in the Irish Ferries dispute to work towards a resolution that respects
the rights of all involved. In this regard, it welcomes the talks currently
taking place at the Labour Relations Commission.

This dispute raises complex issues that affect Irish Ferries and its workers,
Irish exporters and, possibly most importantly, the prospect of a continuation
of social partnership.  In addition, it draws attention to the way in which
we in Ireland treat migrant workers.  In responding to this dispute none of
these issues can be avoided.

In addressing this first issue, it must be acknowledged that labour costs
are a legitimate concern for any industry. Nevertheless, Irish Ferries is
a profitable company and the desire to maximize return on capital employed
ought not be pursued at the expense of the workers employed and in a manner
that could undermine societal acceptance of appropriate standards of
employment and rates of pay.  
Furthermore, in this context, the ICJSA notes with concern the potential of
this dispute to undermine the social partnership model of society.  There
are many who would hold that the economic prosperity of Irish society has
been built upon, and depends upon, social partnership.  
However, its importance for Ireland transcends the parameters of economic
considerations.  As a model for the organisation of society, social partnership
promotes an ideal of equity or fairness, and it is at least arguable that
this model of social partnership has in recent years gone some way towards
countering inequities in Irish society.  In this light, and conscious of the
potential of the dispute to undermine societal acceptance of the ideal
of social solidarity, the ICJSA offers its support for the day of protest
on December 9th that is being organised by the Irish Congress of Trade Unions.

The occasion of this dispute also raises the larger issue of the type of
welcome that we in Ireland offer to migrant workers.  Ireland has had its
share of emigration over the past one hundred and fifty years.  More than
most countries, it knows only too well how indiscriminate employers can
exploit migrant workers.  It also knows at first hand the suffering that
xenophobia and racism can cause to immigrants and their families.  

In the past five years Ireland has witnessed unprecedented levels of immigration.
The question is whether we can learn from our own history.  Society should
take care to ensure that immigrants to Ireland are not exploited but are
rather treated with a respect for their rights and are paid a just wage.
Apart altogether from any consideration of the moral correctness of such a
position, one would be foolish to ignore the danger that the exploitation
of low paid immigrants could lead to a large scale displacement of indigenous
workers.  History has shown that over tine, this generates a misplaced popular
resentment against foreign workers that in turn fuels racism.  If this were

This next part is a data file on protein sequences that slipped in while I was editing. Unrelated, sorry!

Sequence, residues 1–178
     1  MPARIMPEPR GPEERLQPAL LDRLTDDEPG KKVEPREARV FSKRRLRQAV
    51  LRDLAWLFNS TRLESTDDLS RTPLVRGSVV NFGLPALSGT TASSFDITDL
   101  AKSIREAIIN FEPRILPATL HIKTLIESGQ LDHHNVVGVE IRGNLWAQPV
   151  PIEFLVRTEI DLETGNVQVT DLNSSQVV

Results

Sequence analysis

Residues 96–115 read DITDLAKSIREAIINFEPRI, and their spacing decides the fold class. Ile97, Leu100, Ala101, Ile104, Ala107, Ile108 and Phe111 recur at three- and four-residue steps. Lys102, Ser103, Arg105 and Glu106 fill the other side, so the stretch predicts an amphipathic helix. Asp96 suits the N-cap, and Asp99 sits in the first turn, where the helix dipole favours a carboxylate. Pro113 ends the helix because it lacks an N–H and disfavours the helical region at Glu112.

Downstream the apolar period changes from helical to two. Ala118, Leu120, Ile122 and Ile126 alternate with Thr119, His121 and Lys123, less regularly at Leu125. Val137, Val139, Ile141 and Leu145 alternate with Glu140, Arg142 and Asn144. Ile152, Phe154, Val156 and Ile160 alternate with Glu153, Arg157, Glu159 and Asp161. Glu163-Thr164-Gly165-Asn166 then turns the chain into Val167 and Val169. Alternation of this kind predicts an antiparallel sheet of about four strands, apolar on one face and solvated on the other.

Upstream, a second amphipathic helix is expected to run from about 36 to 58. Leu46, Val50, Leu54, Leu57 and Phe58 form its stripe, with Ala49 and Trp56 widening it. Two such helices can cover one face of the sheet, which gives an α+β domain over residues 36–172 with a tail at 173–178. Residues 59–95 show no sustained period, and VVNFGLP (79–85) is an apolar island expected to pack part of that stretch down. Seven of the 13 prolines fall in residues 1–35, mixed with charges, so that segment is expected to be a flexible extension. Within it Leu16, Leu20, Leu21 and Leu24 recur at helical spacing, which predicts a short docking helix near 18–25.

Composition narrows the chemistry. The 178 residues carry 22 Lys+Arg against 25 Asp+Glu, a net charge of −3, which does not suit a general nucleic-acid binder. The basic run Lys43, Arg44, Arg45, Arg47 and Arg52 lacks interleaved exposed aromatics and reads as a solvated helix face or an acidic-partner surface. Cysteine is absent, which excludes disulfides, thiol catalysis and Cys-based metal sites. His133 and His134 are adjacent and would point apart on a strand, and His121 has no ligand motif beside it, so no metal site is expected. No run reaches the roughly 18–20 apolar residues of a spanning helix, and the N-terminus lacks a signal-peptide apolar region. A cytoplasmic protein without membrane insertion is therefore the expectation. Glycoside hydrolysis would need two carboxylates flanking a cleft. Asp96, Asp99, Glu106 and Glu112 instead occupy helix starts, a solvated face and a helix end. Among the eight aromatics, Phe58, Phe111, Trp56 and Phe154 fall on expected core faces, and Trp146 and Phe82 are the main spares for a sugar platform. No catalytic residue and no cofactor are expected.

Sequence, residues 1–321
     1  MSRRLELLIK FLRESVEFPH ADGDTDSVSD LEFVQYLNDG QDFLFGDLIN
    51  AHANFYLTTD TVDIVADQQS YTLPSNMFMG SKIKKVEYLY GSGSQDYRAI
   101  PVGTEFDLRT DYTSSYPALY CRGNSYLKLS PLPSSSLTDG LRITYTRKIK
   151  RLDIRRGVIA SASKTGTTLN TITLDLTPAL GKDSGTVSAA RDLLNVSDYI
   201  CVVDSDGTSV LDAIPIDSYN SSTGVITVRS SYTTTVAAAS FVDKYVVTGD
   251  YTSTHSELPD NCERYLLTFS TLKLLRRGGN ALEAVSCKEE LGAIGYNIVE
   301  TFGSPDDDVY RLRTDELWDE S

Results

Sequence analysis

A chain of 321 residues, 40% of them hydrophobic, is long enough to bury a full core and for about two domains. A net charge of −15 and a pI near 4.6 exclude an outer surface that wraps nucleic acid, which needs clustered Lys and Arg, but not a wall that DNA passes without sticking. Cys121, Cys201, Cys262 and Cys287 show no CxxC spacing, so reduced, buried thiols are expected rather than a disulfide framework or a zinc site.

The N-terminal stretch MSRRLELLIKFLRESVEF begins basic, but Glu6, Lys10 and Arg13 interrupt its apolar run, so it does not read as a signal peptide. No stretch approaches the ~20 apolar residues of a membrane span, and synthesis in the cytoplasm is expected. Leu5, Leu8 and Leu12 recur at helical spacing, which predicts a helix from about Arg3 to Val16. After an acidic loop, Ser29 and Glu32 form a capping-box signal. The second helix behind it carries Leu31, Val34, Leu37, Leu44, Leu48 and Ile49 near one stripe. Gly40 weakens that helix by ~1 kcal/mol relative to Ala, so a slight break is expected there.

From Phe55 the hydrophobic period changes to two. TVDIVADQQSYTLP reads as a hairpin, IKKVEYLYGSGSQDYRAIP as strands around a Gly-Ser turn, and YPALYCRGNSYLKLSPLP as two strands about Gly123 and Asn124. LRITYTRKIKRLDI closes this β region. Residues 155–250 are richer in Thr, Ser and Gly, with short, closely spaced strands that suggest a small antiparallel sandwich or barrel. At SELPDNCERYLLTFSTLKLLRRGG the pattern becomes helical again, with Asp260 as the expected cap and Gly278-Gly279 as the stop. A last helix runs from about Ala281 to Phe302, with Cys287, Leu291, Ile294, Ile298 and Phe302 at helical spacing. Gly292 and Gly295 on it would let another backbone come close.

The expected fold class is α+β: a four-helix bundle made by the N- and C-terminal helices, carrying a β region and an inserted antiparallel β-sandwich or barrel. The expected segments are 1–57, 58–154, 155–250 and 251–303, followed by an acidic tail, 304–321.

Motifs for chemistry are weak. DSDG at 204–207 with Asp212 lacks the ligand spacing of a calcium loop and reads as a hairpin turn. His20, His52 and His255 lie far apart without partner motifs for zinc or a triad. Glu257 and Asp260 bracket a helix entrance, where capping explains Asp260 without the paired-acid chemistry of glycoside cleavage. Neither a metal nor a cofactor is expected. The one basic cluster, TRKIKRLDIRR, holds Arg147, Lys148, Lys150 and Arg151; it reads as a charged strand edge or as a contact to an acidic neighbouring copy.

allowed to happen in Ireland, the very foundations of a stable and civilized
society would be undermined.

At a time of economic prosperity when forced emigration is hopefully a thing
of the past, it would be a pity if Ireland was no longer perceived to be a
welcoming nation. Today, we have an opportunity to re-commit ourselves to
that Christian ideal which welcomes the stranger while ensuring moral equity
for all citizens.
Synod of Bishops in Rome
Archbishop Brady and Archbishop Martin reported on their participation at
the 11th Ordinary session of the Synod of Bishops (October 2005) on “The
Eucharist: Source and Summit of the Life and Mission of the Church”. The
propositiones or recommendations presented by the Synod to Pope Benedict
XVI were inspired by the reform of the liturgy inaugurated by the Second
Vatican Council 40 years ago.
The Synod stressed the centrality of the Eucharist in all aspects of Christian
life, particularly with regard to the other sacraments, but also with regard
to the place of  Christians in society.
The Synod stressed the need to examine the manner in which the liturgy was
celebrated, looking at the single elements of the Eucharist (Liturgy of the
Word, Homily etc). Eucharistic Adoration was encouraged.
Among the specific issues addressed were the pastoral care of migrants, of
the sick, and of the divorced who have remarried civilly. The Synod noted
the need to respond to the lack of priestly vocations in some parts of the
world, asking that the question of more adequate distribution of priests
be examined. The Synod also referred to the need for coherence on the part
of Catholic politicians and legislators and their responsibility not to
foster or support laws not in conformity with the moral law.
It is hoped that Pope Benedict XVI will take up the propositiones in a
Pontifical Document during the coming year.
Further information:
Martin Long Director of Communications (086 172 7678)
Brenda Drumm Communications Officer (087 233 7797)